About Last Night: The Oyster And The Taco

We have done a LOT of Open Stove nights at COOK. The official count is 46, but that number seems low to me. But even if we accept that figure, that means four years of Open Stove. 184 cooks in our Thunderdome. 92 winners and 92 losers and 368 courses and countless numbers of shots.

In all that time, we have had some great dishes. We have had some terrible dishes, too, but most of them have been better than they had any right to be, considering we were making the chefs work with Swedish Fish, Fruity Pebbles, with their hands tied behind their backs, or blindfolded. We have screwed with our contestants mercilessly because I firmly believe that chefs possess some of the greatest, most creative minds on earth, but that their unique version of greatness and creativity is only brought out under stress. The greater the stress, the greater the genius. And these past four years of Open Stove have been like our own private laboratory in which we prove that every month.

Last night’s contest? In a way, it was no different than 45 that have come before. Four rounds, multiple courses, tricks, booze, shenanigans–it had all the requisite pieces. In one way, it was very different: We had bartenders competing instead of chefs. And in one way, it was the most surprising ever because last night’s Open Stove came about as close as I think we’re ever going to get to the perfect contest.

For starters, we had both an upstairs/downstairs rivalry and a battle of the sexes in our contestants–Dominic Carullo and Mikey Buonocore from Oyster House versus Resa Mueller and Christina Rando of Mission Taqueria, which is right upstairs. They were friends. They’ve been working together for a while. They knew each others moves and each others tricks.

They began with a prepared drink–a milk punch from Team Oyster, which they’d worked on (and geeked out over) for three days, and a jalapeno margarita from Team Taco which came rimmed (brilliantly) with fried Cool Ranch chicharrones. Anyone who can find a way to add pork to a cocktail without making it gross is automatically my friend, and the shakers from Mission were my new besties. At least for the first ten minutes.

Next, we gave them access to a full bar of spirits donated by local distillers–some gins from Bluecoat, a Kinsey rye, vodka from Stateside and spiced Driftwood Dream rum from Cooper River–and presented them with a challenge: Two awful bottles of liquor–one for each team–which had to be used as a base for a cocktail that wouldn’t suck. The Oysters got sour watermelon vodka. The Tacos got salted caramel vodka. There was no way either of them should’ve been able to make anything that didn’t taste like melted Jolly Ranchers or an alcoholic marshmallow, respectively, and yet they did. The Oysters whipped out a carbonation gun and made bright, fresh, sparkling watermelon cocktail that wasn’t at all as awful as it should have been. As a matter of fact, it was good. The Tacos went smoky, adding scotch to balance out the chemical sweetness and weird salt notes of their disgusting bottle and came up with something which wasn’t just a great drink, but one that I would’ve drunk without complaint if it was served to me across the bar somewhere.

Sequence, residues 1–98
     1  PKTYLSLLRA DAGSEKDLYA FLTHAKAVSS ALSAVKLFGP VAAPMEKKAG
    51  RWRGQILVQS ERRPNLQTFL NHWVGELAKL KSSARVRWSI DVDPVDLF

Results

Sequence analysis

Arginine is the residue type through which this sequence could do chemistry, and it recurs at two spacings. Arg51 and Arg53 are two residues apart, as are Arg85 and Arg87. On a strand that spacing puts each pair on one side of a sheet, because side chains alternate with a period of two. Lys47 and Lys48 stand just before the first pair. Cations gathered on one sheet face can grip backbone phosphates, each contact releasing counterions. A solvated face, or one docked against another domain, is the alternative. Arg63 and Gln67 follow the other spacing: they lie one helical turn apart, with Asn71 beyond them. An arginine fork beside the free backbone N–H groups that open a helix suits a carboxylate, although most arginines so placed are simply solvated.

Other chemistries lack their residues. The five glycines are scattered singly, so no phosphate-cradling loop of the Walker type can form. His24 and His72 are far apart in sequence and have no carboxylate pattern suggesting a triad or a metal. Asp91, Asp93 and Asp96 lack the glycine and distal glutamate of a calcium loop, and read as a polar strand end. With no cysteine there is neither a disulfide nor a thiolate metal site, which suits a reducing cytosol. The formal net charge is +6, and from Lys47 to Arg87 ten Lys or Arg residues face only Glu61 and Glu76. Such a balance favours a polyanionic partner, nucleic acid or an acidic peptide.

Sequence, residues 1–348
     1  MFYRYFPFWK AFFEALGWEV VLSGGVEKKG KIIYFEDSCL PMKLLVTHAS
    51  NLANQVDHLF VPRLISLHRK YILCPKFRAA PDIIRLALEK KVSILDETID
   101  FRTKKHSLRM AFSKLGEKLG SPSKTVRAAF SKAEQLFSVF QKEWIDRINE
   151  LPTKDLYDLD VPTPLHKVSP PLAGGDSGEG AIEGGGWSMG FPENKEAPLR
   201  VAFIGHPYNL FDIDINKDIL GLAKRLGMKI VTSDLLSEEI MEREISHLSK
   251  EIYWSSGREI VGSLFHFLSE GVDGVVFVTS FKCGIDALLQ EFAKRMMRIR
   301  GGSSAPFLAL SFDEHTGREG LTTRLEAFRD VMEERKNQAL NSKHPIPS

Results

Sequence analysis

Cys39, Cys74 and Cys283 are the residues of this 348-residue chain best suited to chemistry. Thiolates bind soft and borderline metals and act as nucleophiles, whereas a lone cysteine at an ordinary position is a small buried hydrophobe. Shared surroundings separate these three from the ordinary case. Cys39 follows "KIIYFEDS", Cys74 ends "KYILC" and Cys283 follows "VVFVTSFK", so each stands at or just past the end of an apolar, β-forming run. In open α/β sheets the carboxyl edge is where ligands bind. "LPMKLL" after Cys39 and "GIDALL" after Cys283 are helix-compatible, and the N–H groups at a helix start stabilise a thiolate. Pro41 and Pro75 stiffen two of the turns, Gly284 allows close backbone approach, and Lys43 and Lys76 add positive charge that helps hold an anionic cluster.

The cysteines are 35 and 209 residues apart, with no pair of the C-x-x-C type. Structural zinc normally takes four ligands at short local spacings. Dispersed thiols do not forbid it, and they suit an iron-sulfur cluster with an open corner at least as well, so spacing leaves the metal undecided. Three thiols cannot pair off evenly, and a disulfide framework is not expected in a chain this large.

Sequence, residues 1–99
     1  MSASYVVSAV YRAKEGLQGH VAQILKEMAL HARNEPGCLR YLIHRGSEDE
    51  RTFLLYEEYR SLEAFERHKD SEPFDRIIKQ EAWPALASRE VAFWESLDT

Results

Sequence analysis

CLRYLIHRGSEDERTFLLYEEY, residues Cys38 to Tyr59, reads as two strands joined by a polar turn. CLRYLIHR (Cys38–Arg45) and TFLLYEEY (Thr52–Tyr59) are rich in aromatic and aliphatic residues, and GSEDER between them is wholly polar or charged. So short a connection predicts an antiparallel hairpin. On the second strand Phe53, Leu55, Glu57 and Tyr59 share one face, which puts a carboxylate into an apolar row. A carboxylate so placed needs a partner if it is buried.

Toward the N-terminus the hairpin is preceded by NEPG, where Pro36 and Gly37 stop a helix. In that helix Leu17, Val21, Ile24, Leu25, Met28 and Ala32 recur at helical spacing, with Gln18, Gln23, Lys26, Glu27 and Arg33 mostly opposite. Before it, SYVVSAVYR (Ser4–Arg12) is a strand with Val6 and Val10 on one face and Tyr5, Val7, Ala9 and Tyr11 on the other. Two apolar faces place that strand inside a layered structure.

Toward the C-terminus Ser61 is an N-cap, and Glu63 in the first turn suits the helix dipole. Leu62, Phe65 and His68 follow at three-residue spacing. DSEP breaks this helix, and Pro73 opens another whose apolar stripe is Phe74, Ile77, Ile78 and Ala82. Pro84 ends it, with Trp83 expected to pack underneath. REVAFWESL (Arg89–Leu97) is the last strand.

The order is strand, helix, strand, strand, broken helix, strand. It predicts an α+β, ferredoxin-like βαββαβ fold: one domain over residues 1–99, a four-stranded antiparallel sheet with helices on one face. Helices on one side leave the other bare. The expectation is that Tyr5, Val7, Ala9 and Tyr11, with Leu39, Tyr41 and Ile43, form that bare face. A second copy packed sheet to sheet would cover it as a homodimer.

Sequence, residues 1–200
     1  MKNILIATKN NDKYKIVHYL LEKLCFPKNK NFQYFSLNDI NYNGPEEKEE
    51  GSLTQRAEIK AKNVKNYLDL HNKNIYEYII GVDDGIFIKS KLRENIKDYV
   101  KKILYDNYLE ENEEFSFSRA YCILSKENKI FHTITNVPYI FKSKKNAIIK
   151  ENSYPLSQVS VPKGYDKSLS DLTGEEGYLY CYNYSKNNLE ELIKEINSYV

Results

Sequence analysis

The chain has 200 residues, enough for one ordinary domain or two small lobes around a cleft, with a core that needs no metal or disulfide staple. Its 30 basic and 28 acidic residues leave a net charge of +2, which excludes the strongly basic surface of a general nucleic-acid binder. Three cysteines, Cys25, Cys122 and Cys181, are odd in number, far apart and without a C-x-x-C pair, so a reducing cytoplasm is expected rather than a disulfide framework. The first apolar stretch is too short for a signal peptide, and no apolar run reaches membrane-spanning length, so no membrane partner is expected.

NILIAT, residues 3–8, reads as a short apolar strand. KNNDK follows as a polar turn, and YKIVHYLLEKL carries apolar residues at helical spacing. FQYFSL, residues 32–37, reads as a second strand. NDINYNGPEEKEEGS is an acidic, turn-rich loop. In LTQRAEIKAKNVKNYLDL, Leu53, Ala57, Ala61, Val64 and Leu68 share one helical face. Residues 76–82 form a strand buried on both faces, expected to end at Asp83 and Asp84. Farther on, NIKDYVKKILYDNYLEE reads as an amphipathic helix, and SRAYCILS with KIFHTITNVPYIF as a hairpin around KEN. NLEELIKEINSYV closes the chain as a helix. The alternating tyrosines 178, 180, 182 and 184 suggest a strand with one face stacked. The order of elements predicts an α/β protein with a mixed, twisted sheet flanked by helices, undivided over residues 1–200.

After that? Well, after that things get a little blurry. There was a trivia contest. Some dancing. A very brief sing-along. We made the bartenders work with ingredients common at their opponent’s bars–gin and horseradish for Mission, tequila and chile in adobo for Oyster House–and, once again, they killed it, knocking out eighteen excellent cocktails each in just nine minutes. As a surprise course, we had them make shots out of a bottle of Bailey’s Pumpkin Spice cream whiskey which, again, should’ve all been absolutely terrible, but came out only moderately terrible which, I think, is a goddamn miracle.

At the end of the night, a simple request. Use anything at your disposal and make me the best cocktail you can. The catch? It had to have a great name and be inspired by something uniquely Philadelphian. And while I can’t recall precisely what either side did, I do remember commenting to one of the bartenders (or maybe a guest, or possibly a light fixture) that we’d once held a month-long contest across the entire city, asking pros and amateurs to come up with their best Philadelphia cocktail (our very own Manhattan, as it were), and that nothing that came out of that was as good as either of these two drinks, put together on the fly and under pressure, in just 15 minutes.

Granted, I’d been drinking. But I meant it.

In the end, we’d all had a good time. We’d all laughed and put away 10 cocktails and been witness to an amazing display of talent and creativity. But this being Open Stove, we had to have a winner. And in the end, we got one. By one point.

You’ll notice the costume change. Yeah, that was a thing that happened, too. During the Boyz II Men serenade. Right before we announced Team Oyster House as the winners.

Like I said, it was a helluva night. Maybe one of the best we’ve ever had.

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